UNWTO: Chinese tourists set to return
>> Global international tourist arrivals could reach 80% to 95% of pre-pandemic levels this year, according to UNWTO's forward-looking scenarios for 2023. More than 900 million tourists traveled internationally in 2022 – double the number recorded in 2021 though still 63% of pre-pandemic levels. UNWTO said the recent lifting of COVID-19-related travel restrictions in China, the world's largest outbound market in 2019, is a significant step for the recovery of the tourism sector in Asia and the Pacific and worldwide. In the short term, the resumption of travel from China is likely to benefit Asian destinations in particular.
China’s international reopening: opportunities to rebuild
>> China removed quarantine requirements for inbound travelers and was reopening to all international travel from January 8, but the recovery might not be as soon as some hope. There are many factors that will need to be addressed, according to OAG.
Weixin Pay and WeChat Pay HK help over 16,000 merchants welcome visitors in Macao
>> More than 16,000 merchants in Macao are using Weixin Pay and WeChat Pay HK, taking advantage of the two digital wallets that have integrated their merchants’ network in Macao to make payment easier, faster and safer for travelers, according to the company. The popular tourist destination received almost 40 million visitors in 2019, prior to the pandemic, with an influx once again expected for China’s biggest holiday period.
Trip.com hopes China overseas travel capacity back to normal by Q3
>> Travel website operator Trip.com Group is working with airlines and airports to encourage recovery in China's cross-border travel capacity and hopes levels will return to normal by the third quarter, its CEO Jane Sun said on Tuesday.
Business travel, high-end tourists lead return of China visitors to Singapore
>> Business travelers and high-end tourists are leading the return of China visitors to Singapore, with mass-market tourism unlikely to resume significantly yet amid economic uncertainty and limited flights, say businesses and analysts. The recovery in arrivals from China is expected to be more apparent only from the second quarter or second half of 2023, due to Chinese New Year festivities in late January as well as China’s current Covid-19 wave.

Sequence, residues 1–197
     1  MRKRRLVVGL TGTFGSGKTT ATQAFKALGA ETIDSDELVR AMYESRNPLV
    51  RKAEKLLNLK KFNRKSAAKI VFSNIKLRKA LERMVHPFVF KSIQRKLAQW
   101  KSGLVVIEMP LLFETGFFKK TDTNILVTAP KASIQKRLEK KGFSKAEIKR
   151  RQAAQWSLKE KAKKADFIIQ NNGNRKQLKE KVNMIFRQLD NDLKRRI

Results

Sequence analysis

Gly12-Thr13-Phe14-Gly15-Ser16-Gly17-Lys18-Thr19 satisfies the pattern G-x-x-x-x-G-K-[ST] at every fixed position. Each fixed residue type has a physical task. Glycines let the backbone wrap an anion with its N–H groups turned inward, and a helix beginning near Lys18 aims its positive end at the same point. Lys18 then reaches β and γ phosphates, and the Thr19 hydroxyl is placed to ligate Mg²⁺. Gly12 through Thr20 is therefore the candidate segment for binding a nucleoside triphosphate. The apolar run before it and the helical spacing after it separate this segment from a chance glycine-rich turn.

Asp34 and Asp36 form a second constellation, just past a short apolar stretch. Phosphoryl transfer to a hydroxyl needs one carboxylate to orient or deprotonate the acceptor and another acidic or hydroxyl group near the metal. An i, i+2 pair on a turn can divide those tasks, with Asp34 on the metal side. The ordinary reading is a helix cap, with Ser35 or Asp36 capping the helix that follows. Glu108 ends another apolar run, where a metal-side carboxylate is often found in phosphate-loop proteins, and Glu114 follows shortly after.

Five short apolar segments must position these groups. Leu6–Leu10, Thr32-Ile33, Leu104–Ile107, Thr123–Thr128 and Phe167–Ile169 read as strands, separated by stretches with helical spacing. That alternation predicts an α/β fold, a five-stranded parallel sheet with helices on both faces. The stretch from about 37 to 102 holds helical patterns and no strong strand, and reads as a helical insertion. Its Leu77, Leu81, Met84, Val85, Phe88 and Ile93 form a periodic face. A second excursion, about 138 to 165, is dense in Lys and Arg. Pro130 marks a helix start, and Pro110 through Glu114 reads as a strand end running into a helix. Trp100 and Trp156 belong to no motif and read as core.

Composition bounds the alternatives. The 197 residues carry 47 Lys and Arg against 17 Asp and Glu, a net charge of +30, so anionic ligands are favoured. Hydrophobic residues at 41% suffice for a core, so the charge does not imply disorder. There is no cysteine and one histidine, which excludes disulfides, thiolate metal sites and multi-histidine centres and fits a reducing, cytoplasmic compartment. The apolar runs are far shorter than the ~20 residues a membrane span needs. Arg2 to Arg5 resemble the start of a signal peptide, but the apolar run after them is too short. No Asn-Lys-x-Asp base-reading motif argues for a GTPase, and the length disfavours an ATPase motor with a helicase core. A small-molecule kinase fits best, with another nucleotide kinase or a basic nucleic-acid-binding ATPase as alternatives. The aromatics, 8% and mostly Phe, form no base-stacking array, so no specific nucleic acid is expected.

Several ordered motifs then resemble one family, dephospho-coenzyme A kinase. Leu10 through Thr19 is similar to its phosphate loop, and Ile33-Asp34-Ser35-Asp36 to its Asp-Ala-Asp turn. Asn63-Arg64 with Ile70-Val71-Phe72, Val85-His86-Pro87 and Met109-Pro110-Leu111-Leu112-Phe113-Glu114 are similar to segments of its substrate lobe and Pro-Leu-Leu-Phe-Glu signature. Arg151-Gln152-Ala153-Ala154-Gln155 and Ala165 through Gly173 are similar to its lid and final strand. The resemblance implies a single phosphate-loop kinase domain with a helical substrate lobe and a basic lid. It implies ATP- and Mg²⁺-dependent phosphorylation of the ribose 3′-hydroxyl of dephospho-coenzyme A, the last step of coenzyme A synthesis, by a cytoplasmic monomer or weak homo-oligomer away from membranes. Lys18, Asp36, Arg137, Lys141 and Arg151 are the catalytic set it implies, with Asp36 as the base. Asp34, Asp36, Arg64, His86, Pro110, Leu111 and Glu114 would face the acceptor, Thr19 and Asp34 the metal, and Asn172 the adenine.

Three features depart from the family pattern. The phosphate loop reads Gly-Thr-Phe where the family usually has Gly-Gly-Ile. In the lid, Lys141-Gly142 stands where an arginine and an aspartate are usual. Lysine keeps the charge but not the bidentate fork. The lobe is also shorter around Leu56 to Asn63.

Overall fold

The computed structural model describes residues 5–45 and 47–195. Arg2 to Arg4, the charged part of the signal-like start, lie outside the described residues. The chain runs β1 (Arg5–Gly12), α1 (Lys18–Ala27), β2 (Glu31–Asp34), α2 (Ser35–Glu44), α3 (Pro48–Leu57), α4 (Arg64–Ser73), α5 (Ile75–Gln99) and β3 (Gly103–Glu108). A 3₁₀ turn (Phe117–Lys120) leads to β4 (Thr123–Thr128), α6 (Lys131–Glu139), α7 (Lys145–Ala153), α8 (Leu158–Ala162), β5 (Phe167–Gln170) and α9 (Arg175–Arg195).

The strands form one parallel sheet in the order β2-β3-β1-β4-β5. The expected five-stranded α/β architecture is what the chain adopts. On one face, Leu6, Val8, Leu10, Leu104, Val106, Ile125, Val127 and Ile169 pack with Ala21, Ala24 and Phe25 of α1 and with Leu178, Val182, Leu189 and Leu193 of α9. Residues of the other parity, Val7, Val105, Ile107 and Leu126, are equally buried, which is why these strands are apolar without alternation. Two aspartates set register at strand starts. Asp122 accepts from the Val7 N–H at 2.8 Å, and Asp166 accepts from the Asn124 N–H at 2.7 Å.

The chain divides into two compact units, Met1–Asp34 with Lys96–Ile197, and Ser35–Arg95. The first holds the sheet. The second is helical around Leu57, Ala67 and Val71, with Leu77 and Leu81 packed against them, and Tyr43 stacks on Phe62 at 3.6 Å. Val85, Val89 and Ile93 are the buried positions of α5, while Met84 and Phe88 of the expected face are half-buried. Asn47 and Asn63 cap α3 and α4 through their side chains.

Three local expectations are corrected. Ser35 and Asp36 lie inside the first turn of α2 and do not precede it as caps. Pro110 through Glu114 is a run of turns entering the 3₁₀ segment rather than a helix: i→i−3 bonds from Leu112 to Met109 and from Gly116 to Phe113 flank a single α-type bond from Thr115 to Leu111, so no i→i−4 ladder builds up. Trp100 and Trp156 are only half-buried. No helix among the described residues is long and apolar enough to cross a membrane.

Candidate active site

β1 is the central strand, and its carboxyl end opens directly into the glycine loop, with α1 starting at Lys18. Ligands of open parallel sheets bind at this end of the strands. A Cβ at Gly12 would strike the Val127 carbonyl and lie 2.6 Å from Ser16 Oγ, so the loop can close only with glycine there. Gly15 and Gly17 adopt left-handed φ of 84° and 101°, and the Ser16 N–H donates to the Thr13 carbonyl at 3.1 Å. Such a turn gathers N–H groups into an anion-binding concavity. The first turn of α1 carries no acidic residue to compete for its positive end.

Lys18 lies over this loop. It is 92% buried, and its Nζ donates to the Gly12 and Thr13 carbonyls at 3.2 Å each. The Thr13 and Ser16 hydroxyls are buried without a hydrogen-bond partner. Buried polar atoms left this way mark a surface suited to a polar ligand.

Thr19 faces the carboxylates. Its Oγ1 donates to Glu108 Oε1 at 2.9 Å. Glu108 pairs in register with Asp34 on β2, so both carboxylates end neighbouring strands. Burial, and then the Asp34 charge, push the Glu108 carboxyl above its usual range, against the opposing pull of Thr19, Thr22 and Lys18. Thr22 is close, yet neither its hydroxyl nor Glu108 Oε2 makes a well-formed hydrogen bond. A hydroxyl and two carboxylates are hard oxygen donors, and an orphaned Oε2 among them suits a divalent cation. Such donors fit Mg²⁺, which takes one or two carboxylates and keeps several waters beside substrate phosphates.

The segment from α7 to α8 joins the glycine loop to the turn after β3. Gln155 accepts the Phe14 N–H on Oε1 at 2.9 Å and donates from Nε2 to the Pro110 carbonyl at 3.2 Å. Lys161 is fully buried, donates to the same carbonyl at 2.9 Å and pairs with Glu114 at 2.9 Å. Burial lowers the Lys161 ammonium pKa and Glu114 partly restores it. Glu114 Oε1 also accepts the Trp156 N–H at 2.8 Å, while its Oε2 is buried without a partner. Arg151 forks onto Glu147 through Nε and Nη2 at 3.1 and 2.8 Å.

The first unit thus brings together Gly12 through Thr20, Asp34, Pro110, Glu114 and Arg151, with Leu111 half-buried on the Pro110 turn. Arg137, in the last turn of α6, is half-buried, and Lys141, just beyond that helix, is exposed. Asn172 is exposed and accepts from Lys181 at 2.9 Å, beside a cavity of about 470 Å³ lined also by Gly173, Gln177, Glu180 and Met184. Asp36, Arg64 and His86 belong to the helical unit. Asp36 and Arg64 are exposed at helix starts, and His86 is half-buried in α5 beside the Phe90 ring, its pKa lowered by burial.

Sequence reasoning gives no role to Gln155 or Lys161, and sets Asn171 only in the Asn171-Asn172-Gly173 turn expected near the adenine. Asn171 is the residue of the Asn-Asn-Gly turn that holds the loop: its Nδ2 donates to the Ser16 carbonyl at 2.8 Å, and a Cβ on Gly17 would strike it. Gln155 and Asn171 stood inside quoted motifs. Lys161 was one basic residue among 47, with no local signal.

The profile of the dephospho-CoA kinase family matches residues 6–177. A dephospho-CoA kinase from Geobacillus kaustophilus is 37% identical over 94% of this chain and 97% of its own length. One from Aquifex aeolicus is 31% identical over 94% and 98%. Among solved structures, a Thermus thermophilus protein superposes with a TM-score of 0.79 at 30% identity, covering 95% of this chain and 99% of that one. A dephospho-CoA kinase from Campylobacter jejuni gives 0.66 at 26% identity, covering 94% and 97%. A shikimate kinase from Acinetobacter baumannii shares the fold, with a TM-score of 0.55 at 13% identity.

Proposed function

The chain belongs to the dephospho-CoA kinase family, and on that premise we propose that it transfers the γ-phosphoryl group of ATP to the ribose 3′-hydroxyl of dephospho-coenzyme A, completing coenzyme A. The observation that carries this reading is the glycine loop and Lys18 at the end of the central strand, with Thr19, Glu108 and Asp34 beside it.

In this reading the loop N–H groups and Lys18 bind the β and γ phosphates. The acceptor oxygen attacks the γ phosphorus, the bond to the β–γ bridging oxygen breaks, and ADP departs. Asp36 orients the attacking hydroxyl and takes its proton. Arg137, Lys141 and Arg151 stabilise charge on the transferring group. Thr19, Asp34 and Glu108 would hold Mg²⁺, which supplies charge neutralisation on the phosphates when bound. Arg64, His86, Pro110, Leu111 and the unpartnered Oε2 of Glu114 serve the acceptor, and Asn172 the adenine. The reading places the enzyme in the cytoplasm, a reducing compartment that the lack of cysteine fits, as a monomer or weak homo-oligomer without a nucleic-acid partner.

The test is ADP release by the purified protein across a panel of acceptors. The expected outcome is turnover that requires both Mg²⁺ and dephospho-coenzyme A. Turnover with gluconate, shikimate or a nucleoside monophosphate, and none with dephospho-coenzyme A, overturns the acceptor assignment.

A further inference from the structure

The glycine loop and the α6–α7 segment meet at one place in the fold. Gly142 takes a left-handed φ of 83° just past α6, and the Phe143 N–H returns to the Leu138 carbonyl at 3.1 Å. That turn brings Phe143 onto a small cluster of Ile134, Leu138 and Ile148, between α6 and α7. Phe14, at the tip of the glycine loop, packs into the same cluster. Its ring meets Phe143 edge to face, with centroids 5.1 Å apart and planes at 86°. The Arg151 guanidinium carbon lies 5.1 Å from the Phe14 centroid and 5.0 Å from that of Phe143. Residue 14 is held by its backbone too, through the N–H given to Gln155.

Chinese travelers are returning to Singapore, but a full recovery is not expected this year
>> Singapore is welcoming them back, but a full return of Chinese tourists isn’t likely in 2023, Singapore Tourism Board executives said at a press conference Tuesday. Singapore Tourism Board’s CEO Keith Tan cited limited flight capacity and the speed of China’s border reopening as some of the reasons a full recovery from Chinese tourists isn’t expected this year. Tan told CNBC that travel recovery from China is unlikely to exceed 60% of pre-Covid levels by year-end.
Egypt, China discuss tourism cooperation in Cairo
>> In a joint news conference, Egyptian Foreign Minister Sameh Shoukry said the talks with Chinese Foreign Minister Qin Gang addressed Sino-Egyptian relations and increasing Chinese tourism to the Middle Eastern country, which has for years struggled to revive its vital tourism sector.
China, Albania sign visa-free travel agreement
>> Representatives of the governments of China and Albania signed an agreement on mutual visa exemption for officials and citizens on Monday. It means that no matter what kind of passport they hold, citizens of both China and Albania can enter each other's country without a visa.
China's Chinese New Year travel offers spark of economic rebound from COVID-19 crunch
>> Urban workers crowded train stations across China's largest cities on Tuesday (Jan 17) as the country's mass migration for Chinese New Year holidays hit high gear, an early sign of economic recovery as officials confirmed a historic plunge due to COVID-19 curbs.
Chinese New Year without China’s zero-Covid policy to put airlines to the test
>> The weeklong Chinese New Year holiday, which kicks off on Sunday, will be a key test for China’s aviation sector. As millions of people travel home to be with their families – the first proper reunions since Covid-19 – the question is whether the same chaos seen at airports in other countries as they reopened will be replicated.
The temporary mass migration comes as Chinese airlines only just start to get their Boeing 737 Max jets back into commercial service after an almost four-year absence. There were some 90 737 Max planes that had been delivered to Chinese airlines and were subsequently grounded in March 2019.